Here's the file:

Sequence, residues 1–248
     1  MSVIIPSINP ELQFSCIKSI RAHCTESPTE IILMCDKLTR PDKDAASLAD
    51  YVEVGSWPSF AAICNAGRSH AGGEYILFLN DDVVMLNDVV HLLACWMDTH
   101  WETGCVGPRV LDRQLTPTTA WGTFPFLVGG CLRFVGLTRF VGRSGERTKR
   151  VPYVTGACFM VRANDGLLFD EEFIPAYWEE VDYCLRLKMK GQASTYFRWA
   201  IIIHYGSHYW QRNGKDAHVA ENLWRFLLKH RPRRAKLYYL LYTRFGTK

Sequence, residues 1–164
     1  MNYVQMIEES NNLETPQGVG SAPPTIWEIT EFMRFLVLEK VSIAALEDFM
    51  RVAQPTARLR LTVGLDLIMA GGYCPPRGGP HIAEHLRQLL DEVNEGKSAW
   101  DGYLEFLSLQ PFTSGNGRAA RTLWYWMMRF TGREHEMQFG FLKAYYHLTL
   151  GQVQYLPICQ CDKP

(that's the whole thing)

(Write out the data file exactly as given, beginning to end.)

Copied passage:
Sequence, residues 1–248
     1  MSVIIPSINP ELQFSCIKSI RAHCTESPTE IILMCDKLTR PDKDAASLAD
    51  YVEVGSWPSF AAICNAGRSH AGGEYILFLN DDVVMLNDVV HLLACWMDTH
   101  WETGCVGPRV LDRQLTPTTA WGTFPFLVGG CLRFVGLTRF VGRSGERTKR
   151  VPYVTGACFM VRANDGLLFD EEFIPAYWEE VDYCLRLKMK GQASTYFRWA
   201  IIIHYGSHYW QRNGKDAHVA ENLWRFLLKH RPRRAKLYYL LYTRFGTK

Sequence, residues 1–164
     1  MNYVQMIEES NNLETPQGVG SAPPTIWEIT EFMRFLVLEK VSIAALEDFM
    51  RVAQPTARLR LTVGLDLIMA GGYCPPRGGP HIAEHLRQLL DEVNEGKSAW
   101  DGYLEFLSLQ PFTSGNGRAA RTLWYWMMRF TGREHEMQFG FLKAYYHLTL
   151  GQVQYLPICQ CDKP